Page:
Defamation is the legal term for an untruthful statement for which someone can sue. Within Defamation are the subcategories of “Slander,” spoken untruthful statements, and “Libel,” written untruthful statements.

In America, leaving a positive or negative review of a business is fundamental to our economy. Good reviews help good businesses grow and bad reviews warn customers away from bad businesses who provide poor services or mistreat their customers.

However, in recent years, bad businesses have attempted to suppress the public’s reviews and criticisms by suing negative reviewers for libel. So how can you safely leave a negative review?


Legally, libel is the “false and malicious defamation of another, expressed in print, writing, pictures, or signs, tending to injure the reputation of the person and exposing him to public hatred, contempt, or ridicule.” O.C.G.A. § 51-5-1.

To make a valid claim for libel, an individual normally has to prove that they have been injured economically. Critically, however, the law carves out several types of statements for which injury is presumed, and it is not necessary for the person or business suing you to prove damages with regards to those types of statements. These “per se” defamatory statements include, “[m]aking charges against another in reference to his trade, office, or profession, calculated to injure him therein.” O.C.G.A. § 51-5-4 (a) (1), (3). As a result, making a complaint about a business is a particularly risky act as damages may be presumed.

The Supreme Court of Georgia has found that accusing a business of a mistake or failure on a single occasion is not per se defamation and that the statement has to accuse the business of generally being unprofessional and unfit to do business to be per se defamation. Cottrell v. Smith, 299 Ga. 517, 523 (2016). However, this can be a risky line to walk.


There are several defenses to defamation. We will not list all the possible defenses, but two of the best defenses to defamation are truth and opinion.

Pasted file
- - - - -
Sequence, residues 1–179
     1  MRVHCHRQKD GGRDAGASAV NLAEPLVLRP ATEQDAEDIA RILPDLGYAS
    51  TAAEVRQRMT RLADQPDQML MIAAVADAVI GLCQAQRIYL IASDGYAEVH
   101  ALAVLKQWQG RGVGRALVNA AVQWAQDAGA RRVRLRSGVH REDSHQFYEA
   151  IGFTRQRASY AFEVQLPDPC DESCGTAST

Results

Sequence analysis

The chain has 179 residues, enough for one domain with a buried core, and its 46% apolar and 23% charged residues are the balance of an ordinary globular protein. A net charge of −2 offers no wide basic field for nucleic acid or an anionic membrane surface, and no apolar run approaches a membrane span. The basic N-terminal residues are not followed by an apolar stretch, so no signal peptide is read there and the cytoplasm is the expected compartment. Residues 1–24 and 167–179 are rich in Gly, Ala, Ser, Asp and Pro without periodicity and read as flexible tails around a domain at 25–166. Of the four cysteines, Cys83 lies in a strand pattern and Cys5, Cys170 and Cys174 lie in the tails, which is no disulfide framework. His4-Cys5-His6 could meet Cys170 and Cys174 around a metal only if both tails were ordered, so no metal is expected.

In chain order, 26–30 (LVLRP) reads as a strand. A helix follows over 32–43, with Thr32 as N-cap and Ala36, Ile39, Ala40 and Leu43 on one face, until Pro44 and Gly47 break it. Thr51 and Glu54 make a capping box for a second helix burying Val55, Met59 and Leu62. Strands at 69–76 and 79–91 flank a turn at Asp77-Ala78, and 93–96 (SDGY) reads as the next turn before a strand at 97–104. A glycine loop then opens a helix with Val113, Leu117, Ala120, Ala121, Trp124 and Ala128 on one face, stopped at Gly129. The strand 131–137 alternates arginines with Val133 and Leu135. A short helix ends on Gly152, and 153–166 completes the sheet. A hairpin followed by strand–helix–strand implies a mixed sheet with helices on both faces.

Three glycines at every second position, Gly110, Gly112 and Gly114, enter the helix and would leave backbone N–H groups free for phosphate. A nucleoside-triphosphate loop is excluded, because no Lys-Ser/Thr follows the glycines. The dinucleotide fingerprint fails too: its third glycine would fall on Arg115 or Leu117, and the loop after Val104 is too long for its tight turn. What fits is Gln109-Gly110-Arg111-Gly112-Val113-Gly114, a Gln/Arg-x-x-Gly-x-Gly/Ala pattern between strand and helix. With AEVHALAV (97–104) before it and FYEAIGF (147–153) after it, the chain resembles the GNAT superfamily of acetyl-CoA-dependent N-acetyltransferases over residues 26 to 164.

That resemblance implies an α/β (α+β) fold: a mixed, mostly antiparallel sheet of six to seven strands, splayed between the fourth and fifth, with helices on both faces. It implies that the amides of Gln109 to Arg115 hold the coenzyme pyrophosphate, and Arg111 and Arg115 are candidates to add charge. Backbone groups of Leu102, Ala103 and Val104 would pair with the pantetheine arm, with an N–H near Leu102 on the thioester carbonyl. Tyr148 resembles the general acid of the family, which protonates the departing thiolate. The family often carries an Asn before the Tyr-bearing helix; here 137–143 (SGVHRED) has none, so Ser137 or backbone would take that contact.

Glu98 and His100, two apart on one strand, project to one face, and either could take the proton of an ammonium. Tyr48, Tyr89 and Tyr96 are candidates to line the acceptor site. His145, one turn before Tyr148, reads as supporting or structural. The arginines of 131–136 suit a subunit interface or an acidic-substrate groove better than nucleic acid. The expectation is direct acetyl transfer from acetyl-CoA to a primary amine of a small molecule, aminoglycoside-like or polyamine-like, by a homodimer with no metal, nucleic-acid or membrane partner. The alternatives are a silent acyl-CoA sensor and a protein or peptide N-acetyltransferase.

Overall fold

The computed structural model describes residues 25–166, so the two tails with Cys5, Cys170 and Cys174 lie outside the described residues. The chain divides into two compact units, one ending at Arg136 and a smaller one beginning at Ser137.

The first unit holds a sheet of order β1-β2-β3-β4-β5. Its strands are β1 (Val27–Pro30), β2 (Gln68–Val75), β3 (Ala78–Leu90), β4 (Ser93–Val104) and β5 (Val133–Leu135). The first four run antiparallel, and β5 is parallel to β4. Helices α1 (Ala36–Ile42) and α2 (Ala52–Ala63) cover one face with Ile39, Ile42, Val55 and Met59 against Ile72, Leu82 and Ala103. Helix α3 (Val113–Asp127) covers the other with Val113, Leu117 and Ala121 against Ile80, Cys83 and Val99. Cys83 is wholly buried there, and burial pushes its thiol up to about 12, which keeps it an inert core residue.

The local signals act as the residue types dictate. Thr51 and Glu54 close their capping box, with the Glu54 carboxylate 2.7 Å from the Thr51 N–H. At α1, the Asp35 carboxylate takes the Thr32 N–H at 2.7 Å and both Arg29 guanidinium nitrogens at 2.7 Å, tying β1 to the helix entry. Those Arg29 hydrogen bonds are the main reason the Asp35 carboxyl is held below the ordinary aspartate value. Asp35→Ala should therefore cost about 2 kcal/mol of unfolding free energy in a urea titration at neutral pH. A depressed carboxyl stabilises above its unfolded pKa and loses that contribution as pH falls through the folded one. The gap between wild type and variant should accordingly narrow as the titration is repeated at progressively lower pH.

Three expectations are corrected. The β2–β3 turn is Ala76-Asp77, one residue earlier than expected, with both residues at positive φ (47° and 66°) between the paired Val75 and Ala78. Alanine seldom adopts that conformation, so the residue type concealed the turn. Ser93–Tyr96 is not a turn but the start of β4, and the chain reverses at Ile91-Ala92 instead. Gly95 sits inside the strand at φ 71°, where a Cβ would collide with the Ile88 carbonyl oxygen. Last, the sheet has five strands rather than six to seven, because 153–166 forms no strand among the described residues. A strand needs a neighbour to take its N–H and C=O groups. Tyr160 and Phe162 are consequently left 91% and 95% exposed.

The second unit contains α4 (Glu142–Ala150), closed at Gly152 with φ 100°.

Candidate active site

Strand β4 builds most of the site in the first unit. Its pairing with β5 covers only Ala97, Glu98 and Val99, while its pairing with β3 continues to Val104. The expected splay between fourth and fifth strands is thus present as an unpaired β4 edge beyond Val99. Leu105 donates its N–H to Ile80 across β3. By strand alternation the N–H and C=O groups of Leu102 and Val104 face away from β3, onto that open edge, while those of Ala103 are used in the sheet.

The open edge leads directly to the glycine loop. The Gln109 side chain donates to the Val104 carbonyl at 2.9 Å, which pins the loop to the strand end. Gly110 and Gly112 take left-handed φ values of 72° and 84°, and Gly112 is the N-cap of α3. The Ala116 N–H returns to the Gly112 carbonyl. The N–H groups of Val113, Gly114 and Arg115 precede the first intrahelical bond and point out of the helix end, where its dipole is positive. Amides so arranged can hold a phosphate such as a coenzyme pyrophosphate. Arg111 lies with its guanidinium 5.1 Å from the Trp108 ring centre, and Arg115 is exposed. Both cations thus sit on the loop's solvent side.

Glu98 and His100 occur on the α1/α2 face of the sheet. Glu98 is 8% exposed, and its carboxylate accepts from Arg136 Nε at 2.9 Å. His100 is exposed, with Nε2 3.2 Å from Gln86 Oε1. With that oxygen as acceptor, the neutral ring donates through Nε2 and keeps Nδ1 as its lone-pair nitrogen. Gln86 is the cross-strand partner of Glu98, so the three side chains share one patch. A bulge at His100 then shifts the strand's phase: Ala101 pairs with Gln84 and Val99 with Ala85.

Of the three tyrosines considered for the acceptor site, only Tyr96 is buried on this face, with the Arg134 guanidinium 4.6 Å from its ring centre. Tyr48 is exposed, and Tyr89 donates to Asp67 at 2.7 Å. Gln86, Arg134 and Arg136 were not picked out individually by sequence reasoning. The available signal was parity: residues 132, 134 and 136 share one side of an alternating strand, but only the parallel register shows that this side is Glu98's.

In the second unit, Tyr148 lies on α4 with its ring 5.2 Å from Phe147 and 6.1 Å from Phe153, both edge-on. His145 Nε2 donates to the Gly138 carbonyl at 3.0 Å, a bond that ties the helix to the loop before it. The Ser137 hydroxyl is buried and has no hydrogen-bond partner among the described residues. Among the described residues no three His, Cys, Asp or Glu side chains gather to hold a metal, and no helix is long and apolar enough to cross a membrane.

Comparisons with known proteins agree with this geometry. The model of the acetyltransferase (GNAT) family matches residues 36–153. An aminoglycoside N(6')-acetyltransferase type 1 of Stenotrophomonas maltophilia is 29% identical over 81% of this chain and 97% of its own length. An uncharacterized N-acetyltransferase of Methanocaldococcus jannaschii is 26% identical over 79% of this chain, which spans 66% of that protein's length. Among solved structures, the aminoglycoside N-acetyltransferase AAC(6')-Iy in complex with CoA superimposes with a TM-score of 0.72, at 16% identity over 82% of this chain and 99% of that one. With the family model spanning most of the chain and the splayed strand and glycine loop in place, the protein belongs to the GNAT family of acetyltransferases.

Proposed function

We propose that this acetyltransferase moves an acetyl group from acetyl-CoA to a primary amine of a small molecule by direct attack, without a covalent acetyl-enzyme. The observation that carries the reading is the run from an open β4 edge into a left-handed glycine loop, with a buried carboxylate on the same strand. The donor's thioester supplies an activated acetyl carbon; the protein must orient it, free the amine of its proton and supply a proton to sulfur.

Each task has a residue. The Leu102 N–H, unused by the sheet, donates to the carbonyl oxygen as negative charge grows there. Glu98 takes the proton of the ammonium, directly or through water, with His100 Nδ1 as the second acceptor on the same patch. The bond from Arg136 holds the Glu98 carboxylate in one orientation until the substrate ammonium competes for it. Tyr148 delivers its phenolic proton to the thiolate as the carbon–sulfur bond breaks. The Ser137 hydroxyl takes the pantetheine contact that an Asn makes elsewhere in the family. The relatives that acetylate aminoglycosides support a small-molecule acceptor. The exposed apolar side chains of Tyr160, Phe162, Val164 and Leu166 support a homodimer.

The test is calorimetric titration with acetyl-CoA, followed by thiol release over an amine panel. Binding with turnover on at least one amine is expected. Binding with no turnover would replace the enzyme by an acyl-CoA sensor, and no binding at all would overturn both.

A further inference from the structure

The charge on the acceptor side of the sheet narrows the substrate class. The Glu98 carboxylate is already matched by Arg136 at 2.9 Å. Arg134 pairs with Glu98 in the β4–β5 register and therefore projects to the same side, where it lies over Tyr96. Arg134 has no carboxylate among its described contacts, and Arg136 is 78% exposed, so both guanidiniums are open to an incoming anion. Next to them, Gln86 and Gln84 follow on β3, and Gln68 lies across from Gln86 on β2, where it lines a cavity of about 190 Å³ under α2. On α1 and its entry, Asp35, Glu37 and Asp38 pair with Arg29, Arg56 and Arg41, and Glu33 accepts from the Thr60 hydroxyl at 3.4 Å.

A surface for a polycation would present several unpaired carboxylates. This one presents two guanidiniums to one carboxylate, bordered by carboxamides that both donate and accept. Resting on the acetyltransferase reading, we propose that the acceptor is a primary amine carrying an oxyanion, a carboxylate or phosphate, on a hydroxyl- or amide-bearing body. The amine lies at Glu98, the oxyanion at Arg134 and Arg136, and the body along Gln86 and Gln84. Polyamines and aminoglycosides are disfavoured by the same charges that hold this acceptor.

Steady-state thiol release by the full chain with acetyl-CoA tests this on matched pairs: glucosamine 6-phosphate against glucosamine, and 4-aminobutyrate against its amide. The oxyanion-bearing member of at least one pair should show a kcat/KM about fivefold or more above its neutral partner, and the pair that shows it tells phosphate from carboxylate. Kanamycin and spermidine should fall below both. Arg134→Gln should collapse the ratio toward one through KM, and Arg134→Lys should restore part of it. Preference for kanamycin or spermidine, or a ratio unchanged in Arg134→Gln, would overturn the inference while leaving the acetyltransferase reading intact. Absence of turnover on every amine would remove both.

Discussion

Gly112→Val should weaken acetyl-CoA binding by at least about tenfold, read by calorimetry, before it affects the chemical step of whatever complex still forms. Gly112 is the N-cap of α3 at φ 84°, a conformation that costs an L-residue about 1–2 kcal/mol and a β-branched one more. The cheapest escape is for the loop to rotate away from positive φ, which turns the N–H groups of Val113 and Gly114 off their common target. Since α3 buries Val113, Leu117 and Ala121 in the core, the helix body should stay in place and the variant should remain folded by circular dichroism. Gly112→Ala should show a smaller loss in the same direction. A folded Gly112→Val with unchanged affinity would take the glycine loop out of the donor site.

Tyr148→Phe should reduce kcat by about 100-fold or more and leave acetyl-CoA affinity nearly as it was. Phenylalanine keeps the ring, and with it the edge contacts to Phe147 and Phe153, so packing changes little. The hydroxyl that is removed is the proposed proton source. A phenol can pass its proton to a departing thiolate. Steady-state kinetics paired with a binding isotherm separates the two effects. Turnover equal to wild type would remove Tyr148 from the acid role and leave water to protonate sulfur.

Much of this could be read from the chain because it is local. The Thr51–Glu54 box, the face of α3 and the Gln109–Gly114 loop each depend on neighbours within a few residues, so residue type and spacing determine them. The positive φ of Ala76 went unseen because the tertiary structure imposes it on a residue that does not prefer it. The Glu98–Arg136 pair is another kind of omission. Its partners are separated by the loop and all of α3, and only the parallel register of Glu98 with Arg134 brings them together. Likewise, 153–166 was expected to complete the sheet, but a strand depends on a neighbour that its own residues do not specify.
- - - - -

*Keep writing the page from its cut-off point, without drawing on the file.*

Truth is a complete defense to alleged libel or slander. O.C.GA. § 51–5–6. However, proving the truth can be legally expensive and sometimes practically difficult if the complained of conduct was not well documented.


A defamation action will lie only for a false statement of fact. This is because a statement that reflects an opinion or subjective assessment, as to which reasonable minds could differ, cannot be proved false. As a result, a plaintiff who claims that a published opinion defamed him will generally be unable to carry his burden of proving the essential element of falsity. Cottrell, 299 Ga. at 523.

Still, opinion is not a perfect defense as an opinion can constitute actionable defamation if the opinion can reasonably be interpreted, according to the context of the entire writing in which the opinion appears, to state or imply defamatory facts. Id. Thus, if an opinion suggests a fact that might be false, then that opinion could be actionable.


Truth is a complete defense, but the debate as to what the truth is can be a long and expensive battle. As a result, it is preferable to express opinions that are short and do not reference facts. For example, it would generally be safe to state: “I was dissatisfied with my experience.” Alternatively, it would likely also be safe to just leave a one-star review without a comment. However, defamation is fact specific; so even these could be actionable in the right circumstances.

Ultimately, the purpose of leaving a bad review is to warn future customers of your bad experience so that they do not also suffer. Leaving a one-star review will have the exact same impact as leaving a long-detailed review as most customers will simply look at the one-star rating without ever reading a specific review. It might not be as satisfying to leave a short opinion review, but it is safer and will have the same impact.


As stated above, the truth is a complete defense. However, telling the truth or only telling your opinion are defenses at law, but they might not stop the business from still suing you. There is an unfortunate pattern where some businesses will sue customers for defamation even when the businesses know the customer is telling the truth. Businesses know that the cost of defending a lawsuit will be more expensive than the customer is willing to pay to keep the truth out there. As a result, no matter how truthful you are, there is always a risk that you may be sued.

If you are sued for defamation, then it is important to seek professional legal advice as this is a fact sensitive part of the law and your case will be different from anyone else’s.

Because defamation is fact specific, nothing in this article is intended as, nor should it be construed as, legal advice for your situation. Nor does this article create a potential or actual attorney-client relationship.